Spiders are creepy even at the best of times, but new photos taken from the Amazon rainforest put these predatory creatures in an even more fearsome light: as they’re chomping down on animals of unusual sizes.
New research published today in Amphibian and Reptile Conservation highlight over a dozen rare predator-on-prey interactions involving arthropods (the predators) and small vertebrates (the victims). Arthropods are a group of creatures that includes insects, crustaceans, and arachnids, the latter of which includes spiders, scorpions, mites, and ticks.
The new study, led by evolutionary biologist Daniel Rabosky from the University of Michigan, offers gruesome photographic evidence of arthropods—mostly spiders—feeding on a surprising array of backboned animals, a list that includes frogs, tadpoles, lizards, snakes, and in one unprecedented case, an unfortunate opossum.
A tarantula (genus Pamphobeteus) preying on a mouse opossum (genus Marmosops). (Image: Maggie Grundler/Amphibian & Reptile Conservation)
Around once or twice each year, Robosky and his colleagues venture to the Los Amigos Biological Station in the remote Madre de Dios region of southeastern Peru. Here, in the lowland Amazon rainforest near the foothills of the Andes mountains, the scientists collect ecological data about reptiles and amphibians. They’ve been doing this for more than a decade, and over the years the group has managed to collect a surprising amount of visual evidence showing grisly, often unexpected interactions between arthropods and small vertebrates. So much evidence, in fact, Robosky’s team decided to publish a paper dedicated to the subject.
A wandering spider (genus Ancylometes) in the lowland Amazon rainforest preying on a tree frog (Dendropsophus leali) (Image: Emanuele Biggi/Amphibian & Reptile Conservation)
“This is an underappreciated source of mortality among vertebrates,” Rabosky said in a press release. “A surprising amount of death of small vertebrates in the Amazon is likely due to arthropods such as big spiders and centipedes.”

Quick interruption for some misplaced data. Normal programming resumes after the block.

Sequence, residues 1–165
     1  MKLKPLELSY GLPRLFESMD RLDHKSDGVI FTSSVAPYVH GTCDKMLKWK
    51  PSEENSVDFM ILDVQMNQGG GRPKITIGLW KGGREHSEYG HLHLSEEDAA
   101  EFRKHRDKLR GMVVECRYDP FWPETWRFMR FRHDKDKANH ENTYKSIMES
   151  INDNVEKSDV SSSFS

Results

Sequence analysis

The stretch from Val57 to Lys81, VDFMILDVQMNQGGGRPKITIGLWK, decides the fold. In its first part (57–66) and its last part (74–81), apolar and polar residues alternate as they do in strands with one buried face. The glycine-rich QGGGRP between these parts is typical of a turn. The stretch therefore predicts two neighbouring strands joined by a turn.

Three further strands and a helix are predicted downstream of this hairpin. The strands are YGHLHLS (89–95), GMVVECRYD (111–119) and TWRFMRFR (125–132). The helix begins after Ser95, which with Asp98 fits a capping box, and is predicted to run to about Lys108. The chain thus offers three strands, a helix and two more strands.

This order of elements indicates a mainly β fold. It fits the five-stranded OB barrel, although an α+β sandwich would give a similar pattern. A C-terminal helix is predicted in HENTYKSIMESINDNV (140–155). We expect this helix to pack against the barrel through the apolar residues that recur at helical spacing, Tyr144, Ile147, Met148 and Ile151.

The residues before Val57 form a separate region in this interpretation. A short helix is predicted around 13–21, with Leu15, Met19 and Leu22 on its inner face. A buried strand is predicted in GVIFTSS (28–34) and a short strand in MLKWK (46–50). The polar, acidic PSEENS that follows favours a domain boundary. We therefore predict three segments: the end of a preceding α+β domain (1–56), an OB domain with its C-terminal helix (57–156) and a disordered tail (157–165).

The sightings documented in the paper were primarily done at night when arthropods are most active. The researchers cautiously trekked through the darkened forests with flashlights guiding their way, and cameras at the ready.
Among the more shocking observations was the spider-on-opossum interaction. Michael Grundler, a doctoral candidate at the University of Michigan and a co-author of the study, was alerted to the scene when he heard shuffling noises from a pile of leaves.
“We looked over and we saw a large tarantula on top of an opossum,” said Grundler in the press release. “The opossum had already been grasped by the tarantula and was still struggling weakly at that point, but after about 30 seconds it stopped kicking.”
The tarantula was described as being as big as a dinner plate, and the opossum about the size of a softball. It’s considered the first visual documentation of an opossum being preyed upon by a large mygalomorph spider, a group that includes tarantulas.
A wandering spider (Ctenidae) preying on a frog (Leptodactylus didymus). (Image: Pascal Title/Amphibian & Reptile Conservation)
Predatory arthropods have special body parts, such as modified jaws, big beaks, and large fangs to capture victims. They also use venom to immobilise prey.
Other sightings involved Ctenidae spiders—so-called “sit and wait” spiders. As their name suggests, these arachnids wait for their prey to come to them. Using special hairs that detect vibrations, the spiders can sense when a prospective meal is nearby. Ctenidae spiders used their main set of eyes to discern an object, and its secondary eyes are used to detect motion.
A wandering spider (Ctenidae) preying on a juvenile Cercosaura eigenmanni lizard. (Image: Mark Cowan/Amphibian & Reptile Conservation)
But it wasn’t just all spiders. Large centipedes were seen eating a live Catesby’s snail-eater snake and a dead coral snake—the head of which was torn off by the insect.
A fishing spider (genus Thaumasia) preying on a tadpole in a pond. (Image: Emanuele Biggi/Amphibian & Reptile Conservation)
“Coral snakes are very dangerous and can kill humans,” said Joanna Larson a doctoral candidate at the University of Michigan and co-author of the study. “To see one taken down by an arthropod was very surprising. Those centipedes are terrifying animals, actually.” [Amphibian & Reptile Conservation]
Featured image: Emanuele Biggi/Amphibian & Reptile Conservation